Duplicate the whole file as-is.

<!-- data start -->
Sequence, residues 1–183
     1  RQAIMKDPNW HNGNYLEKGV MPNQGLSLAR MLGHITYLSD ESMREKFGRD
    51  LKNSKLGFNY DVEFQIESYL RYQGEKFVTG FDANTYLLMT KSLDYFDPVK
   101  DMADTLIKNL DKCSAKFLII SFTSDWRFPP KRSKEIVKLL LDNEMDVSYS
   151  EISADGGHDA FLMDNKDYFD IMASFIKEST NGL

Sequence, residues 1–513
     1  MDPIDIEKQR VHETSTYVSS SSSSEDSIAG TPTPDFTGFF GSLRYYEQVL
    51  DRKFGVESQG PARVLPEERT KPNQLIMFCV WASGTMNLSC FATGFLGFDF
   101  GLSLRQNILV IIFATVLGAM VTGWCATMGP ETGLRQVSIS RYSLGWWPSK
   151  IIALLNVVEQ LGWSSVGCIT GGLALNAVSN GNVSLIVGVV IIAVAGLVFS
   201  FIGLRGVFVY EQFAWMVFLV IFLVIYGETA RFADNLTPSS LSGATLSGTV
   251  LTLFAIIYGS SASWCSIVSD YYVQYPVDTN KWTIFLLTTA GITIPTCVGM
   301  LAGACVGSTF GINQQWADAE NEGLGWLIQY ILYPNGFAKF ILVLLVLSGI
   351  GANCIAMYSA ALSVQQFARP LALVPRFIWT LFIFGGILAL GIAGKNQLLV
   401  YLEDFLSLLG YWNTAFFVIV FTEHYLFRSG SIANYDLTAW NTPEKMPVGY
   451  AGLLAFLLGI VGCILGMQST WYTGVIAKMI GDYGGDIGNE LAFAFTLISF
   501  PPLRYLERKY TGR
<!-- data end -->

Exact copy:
Sequence, residues 1–183
     1  RQAIMKDPNW HNGNYLEKGV MPNQGLSLAR MLGHITYLSD ESMREKFGRD
    51  LKNSKLGFNY DVEFQIESYL RYQGEKFVTG FDANTYLLMT KSLDYFDPVK
   101  DMADTLIKNL DKCSAKFLII SFTSDWRFPP KRSKEIVKLL LDNEMDVSYS
   151  EISADGGHDA FLMDNKDYFD IMASFIKEST NGL

Sequence, residues 1–513
     1  MDPIDIEKQR VHETSTYVSS SSSSEDSIAG TPTPDFTGFF GSLRYYEQVL
    51  DRKFGVESQG PARVLPEERT KPNQLIMFCV WASGTMNLSC FATGFLGFDF
   101  GLSLRQNILV IIFATVLGAM VTGWCATMGP ETGLRQVSIS RYSLGWWPSK
   151  IIALLNVVEQ LGWSSVGCIT GGLALNAVSN GNVSLIVGVV IIAVAGLVFS
   201  FIGLRGVFVY EQFAWMVFLV IFLVIYGETA RFADNLTPSS LSGATLSGTV
   251  LTLFAIIYGS SASWCSIVSD YYVQYPVDTN KWTIFLLTTA GITIPTCVGM
   301  LAGACVGSTF GINQQWADAE NEGLGWLIQY ILYPNGFAKF ILVLLVLSGI
   351  GANCIAMYSA ALSVQQFARP LALVPRFIWT LFIFGGILAL GIAGKNQLLV
   401  YLEDFLSLLG YWNTAFFVIV FTEHYLFRSG SIANYDLTAW NTPEKMPVGY
   451  AGLLAFLLGI VGCILGMQST WYTGVIAKMI GDYGGDIGNE LAFAFTLISF
   501  PPLRYLERKY TGR